An Incorrectly Diagnosed STD Can Destroy A Marriage: Molien v. Kaiser (1980)
What would you do if your spouse or partner came home from a doctor's appointment and told you he or she had syphilis?
If you are like most people, you would freak out.
Your partner would get massive amounts of penicillin, and you would get a blood test to see if you had the sexually transmitted disease, too.
And then, the blame would begin. You would accuse your partner of cheating. Your partner would accuse you. Both of you would deny it. Neither of you would believe the other one. Anger, betrayal, disgust, rumors, fear of worse communicable diseases. Divorce or separation, maybe. It would be horrible, and it would likely ruin your relationship, at least for a substantial period of time.
Then, let's say, out of the blue, your partner gets a call from the doctor's office. They made a mistake--no one in your household had ever actually contracted syphilis. Sorry!
Now what would you do?
If you were like the plaintiff in the landmark legal case Molien v. Kaiser Foundation Hospitals (1980), you would sue.
In this case, Mr. Molien's wife was mistakenly diagnosed with and treated for syphilis. She accused Mr. Molien of having an extramarital affair, even though he tested negative for the disease. At the time of the lawsuit, the two had initiated divorce proceedings.
Mr. Molien sued the hospital for "negligently inflicted emotional distress" and "loss of consortium."
A quick aside into legal terminology: Negligently inflicted emotional distress is pretty much what it sounds like. The key here is that, prior to this case, courts had always found that emotional distress needed to be coupled with physical injury for there to be a "cause of action" (basically, something for which you could sue and potentially recover damages).
Loss of consortium refers to when a person misses out on whatever benefits of a family relationship are available to him/her because of the negligence of someone else. For example, a husband who can no longer spend quality time with his wife, depend on her for her share of running the household, have sex, etc. may sue for loss of consortium. Note: if the wife in this situation were to die because of the negligence of someone else, that is not loss of consortium. That is wrongful death.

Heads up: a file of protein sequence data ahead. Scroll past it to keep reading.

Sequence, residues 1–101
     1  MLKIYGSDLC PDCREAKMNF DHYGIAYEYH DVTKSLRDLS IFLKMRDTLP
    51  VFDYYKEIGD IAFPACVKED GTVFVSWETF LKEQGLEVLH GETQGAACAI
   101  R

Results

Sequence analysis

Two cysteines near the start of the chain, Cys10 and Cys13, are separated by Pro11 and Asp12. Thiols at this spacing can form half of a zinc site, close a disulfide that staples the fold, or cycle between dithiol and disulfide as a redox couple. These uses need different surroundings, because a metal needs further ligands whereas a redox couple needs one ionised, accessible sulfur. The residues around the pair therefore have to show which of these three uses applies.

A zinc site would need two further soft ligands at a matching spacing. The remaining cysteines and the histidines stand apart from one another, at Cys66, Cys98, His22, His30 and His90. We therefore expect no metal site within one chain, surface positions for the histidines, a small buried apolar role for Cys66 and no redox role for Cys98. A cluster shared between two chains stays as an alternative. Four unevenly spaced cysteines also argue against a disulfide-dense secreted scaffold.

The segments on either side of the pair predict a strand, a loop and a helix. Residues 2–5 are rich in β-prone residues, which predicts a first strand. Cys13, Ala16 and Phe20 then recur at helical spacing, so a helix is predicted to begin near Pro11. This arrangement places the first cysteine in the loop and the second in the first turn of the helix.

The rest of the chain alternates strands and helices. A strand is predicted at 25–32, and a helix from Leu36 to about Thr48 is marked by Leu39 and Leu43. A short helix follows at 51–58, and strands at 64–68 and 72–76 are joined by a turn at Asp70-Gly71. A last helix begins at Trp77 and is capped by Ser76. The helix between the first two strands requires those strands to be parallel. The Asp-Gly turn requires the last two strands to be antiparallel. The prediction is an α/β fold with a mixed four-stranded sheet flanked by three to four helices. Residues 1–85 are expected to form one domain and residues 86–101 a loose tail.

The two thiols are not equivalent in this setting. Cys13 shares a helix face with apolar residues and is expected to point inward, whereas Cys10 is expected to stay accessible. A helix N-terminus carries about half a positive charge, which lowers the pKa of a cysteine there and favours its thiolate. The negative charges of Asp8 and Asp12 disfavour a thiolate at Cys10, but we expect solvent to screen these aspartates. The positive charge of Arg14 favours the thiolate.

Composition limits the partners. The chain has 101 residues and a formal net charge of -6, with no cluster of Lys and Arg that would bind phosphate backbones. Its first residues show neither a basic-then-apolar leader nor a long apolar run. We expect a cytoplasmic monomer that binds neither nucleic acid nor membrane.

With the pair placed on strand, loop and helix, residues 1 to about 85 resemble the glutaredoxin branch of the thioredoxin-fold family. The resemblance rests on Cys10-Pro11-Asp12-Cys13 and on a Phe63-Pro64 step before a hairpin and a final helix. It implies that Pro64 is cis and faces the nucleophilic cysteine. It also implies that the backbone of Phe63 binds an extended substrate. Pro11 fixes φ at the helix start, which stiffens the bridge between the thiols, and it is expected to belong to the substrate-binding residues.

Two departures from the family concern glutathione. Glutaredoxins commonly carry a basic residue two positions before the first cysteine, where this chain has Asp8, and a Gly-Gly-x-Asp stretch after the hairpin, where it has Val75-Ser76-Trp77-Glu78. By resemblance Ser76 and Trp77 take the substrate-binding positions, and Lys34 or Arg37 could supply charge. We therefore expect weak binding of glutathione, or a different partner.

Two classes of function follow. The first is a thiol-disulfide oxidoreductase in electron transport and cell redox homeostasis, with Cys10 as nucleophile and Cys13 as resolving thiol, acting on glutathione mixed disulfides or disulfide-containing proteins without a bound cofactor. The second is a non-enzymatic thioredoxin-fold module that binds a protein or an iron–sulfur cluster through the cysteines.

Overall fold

Now back to the case: The trial court ruled that Mr. Molien did not have a cause of action (a valid reason to sue) on either of his allegations--there was no negligently inflicted emotional distress because he was not the patient and was not physically harmed, and there was no loss of consortium for similar reasons.
Mr. Molien appealed the case to the California Supreme Court, who agreed to hear it. In 1980, the Court issued its ruling in four main parts:
1. The alleged wrongdoing by the hospital was directed at both the wife and the husband in this case, even though the husband was not the patient.
2. The "risk of harm to the husband was reasonably foreseeable and, thus, [the hospital] owed the husband a duty to exercise due care in diagnosing the physical condition of his wife."
3. It did not matter that Mr. Molien did not suffer a physical injury. He still had a cause of action for "emotional distress."
4. There was also a cause of action for "loss of consortium."
This case is groundbreaking for two main reasons. First, it reinforced the notion that the spouse or partner of a patient could be considered a "direct victim" of medical negligence, even if that spouse/partner had not been the actual patient. Second, it set the precedent that a direct victim does not need to sustain a physical injury in order to be a victim of negligent infliction of emotional distress.